Charles Xue 'confession' highlights China's blogging backlash
It was a humiliating stage for one of China's influential bloggers. Venture capitalist Charles Xue is used to communicating online - not while being paraded on state TV from his prison cell.
With 12 million followers, his opinions and musings were read far and wide. But shackled in handcuffs and wearing a green prison jumpsuit he instead gave his audience a public confession.
In what was perhaps the most dramatic moment in what some are calling China's biggest internet crackdown in years, Mr Xue admitted to spreading irresponsible posts online and believing himself above the law.
"This is completely unacceptable," he said to the camera, "and it leads to social chaos".
Mr Xue is one of the country's Big Vs - the V standing for verified user. These are an elite band of micro bloggers whose postings on the Twitter-like website Sina Weibo are read by millions of followers.
In August he was detained by police for soliciting prostitutes - allegations that prompted his supporters to accuse police of a set-up.
Following his public confession Xinhua, the state-run news agency, crowed that Mr Xue had been "toppled from his sacred altar". It added: "This has sounded a warning bell about the law to all Big Vs on the internet."
The Chinese authorities have introduced new measures to combat what they describe as online rumours, lies and scams. Hundreds of internet users have been detained in recent months. Those found guilty could face up to three years in jail.
Critics say the real reason for the crackdown is to curb the growing influence of the country's micro blogs - and reinforce the Communist party's hold on public opinion.
While internet crackdowns are common in China, what is really raising eyebrows is the decision by authorities to pursue some of the country's most influential online social commentators.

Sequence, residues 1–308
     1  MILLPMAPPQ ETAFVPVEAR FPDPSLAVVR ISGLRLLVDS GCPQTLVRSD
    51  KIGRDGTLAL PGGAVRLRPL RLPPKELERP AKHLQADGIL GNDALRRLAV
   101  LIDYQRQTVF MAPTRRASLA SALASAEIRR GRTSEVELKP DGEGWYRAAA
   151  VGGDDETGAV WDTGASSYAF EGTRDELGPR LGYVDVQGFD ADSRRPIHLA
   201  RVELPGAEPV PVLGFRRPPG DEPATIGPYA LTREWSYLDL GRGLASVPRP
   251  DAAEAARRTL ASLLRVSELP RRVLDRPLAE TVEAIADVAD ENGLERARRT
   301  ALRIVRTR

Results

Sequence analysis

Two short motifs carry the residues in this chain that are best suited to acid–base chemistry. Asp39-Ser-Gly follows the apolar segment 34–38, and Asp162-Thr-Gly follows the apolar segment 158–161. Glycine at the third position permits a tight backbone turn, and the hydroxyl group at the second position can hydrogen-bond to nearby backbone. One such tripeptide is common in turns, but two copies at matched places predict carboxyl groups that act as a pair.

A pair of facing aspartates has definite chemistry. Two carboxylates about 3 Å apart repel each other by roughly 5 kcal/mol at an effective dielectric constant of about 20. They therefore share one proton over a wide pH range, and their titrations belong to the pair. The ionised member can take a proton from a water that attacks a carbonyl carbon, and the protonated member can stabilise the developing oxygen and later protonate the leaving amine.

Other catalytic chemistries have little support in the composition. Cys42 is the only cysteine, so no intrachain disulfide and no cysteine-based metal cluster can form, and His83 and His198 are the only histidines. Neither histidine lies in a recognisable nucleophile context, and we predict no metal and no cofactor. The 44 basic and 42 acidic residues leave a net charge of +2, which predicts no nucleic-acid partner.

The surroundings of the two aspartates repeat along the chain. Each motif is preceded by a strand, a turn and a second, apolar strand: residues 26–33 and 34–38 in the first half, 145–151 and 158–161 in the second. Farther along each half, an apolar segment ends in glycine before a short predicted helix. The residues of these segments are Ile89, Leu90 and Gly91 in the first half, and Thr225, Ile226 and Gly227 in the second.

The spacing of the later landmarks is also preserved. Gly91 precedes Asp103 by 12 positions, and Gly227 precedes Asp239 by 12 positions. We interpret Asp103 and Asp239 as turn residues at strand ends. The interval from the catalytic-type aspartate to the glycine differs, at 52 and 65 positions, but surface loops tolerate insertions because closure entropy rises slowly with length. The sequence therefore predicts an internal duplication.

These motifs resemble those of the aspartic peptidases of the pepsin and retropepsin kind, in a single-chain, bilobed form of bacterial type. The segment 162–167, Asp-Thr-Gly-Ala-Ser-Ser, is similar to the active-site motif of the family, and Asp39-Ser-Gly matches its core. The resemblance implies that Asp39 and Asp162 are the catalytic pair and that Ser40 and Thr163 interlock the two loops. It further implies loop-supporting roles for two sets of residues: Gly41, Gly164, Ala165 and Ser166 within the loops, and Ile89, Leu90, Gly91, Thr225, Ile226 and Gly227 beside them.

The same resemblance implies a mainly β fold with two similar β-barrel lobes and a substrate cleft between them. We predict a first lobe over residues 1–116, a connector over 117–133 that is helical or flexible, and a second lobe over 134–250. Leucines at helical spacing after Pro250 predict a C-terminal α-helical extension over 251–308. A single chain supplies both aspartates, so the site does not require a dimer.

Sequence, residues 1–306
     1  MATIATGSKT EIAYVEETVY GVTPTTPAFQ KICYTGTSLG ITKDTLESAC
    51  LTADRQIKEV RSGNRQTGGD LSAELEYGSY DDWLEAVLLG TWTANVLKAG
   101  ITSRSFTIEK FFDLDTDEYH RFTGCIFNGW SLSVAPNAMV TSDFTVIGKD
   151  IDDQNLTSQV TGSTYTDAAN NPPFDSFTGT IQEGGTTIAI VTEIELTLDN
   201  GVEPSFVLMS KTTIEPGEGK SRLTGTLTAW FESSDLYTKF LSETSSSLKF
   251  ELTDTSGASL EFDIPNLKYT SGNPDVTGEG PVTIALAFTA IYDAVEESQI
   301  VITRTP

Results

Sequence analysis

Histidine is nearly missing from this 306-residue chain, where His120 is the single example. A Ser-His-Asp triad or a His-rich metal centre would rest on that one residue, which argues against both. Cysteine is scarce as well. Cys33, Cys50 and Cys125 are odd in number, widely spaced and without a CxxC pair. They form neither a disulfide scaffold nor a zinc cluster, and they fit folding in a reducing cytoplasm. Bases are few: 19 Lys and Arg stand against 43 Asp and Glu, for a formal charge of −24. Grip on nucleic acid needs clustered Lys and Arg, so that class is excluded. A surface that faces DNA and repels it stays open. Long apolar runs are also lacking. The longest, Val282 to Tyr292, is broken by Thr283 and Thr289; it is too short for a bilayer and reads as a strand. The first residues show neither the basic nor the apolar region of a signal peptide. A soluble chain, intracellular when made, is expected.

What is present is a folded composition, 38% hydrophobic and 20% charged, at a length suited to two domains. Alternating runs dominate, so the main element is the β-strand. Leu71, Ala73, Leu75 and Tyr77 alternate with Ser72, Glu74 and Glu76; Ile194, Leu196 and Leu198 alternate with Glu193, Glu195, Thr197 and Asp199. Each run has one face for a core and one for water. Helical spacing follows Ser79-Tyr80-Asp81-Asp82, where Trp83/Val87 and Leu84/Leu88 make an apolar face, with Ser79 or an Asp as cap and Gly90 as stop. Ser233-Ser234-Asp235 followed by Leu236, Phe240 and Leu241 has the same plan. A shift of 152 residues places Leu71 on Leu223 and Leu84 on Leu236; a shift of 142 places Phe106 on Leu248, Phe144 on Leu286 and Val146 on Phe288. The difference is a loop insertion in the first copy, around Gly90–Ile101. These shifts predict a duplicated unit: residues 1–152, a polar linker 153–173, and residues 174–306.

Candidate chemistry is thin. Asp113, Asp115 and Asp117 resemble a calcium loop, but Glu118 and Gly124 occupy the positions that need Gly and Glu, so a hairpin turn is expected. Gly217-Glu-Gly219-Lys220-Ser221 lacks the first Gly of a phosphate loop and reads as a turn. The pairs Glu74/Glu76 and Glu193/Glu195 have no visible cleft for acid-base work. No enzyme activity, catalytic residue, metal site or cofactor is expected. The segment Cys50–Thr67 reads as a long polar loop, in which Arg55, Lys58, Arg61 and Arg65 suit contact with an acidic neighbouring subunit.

With millions of fans reading their postings, the Big Vs range from celebrities to academics and wealthy businessmen like Mr Xue. Most of their blogs are a blend of opinion, news and gossip, but some use their hugely influential posts to take a pop at government officials or focus on social issues such as air pollution.
"For the first time, the authorities have tried to explicitly rein in the Big Vs," says Bill Bishop, a China analyst.
"The Big Vs were eroding the Communist party's ability to control the various media messages they are trying to get out. And ultimately setting the media agenda is one of the fundamental pillars of control."
China's leaders have grappled for years with how to control the internet. It has thrown up the "Great Firewall of China" which blocks social networks such as Facebook and Twitter and some international news sites.
An employee from one of the country's top internet companies told me about more subtle forms of control.
"The top bloggers are all assigned special editors," said the employee - who did want to be named for fear of losing her job. "These editors deal with the censors. They'll pass on messages when a post needs to be deleted. It's a bit like customer service.
"My company has created a platform that promotes discussion. As you can imagine, I hate all the censorship."
In recent years China's internet has become an often boisterous and unruly forum for public opinion. Many hoped the relative freedoms they enjoyed online would continue to be relaxed under a new leadership installed earlier this year.
But with Mr Xue's public humiliation China's new leaders are warning others to toe the Communist Party line.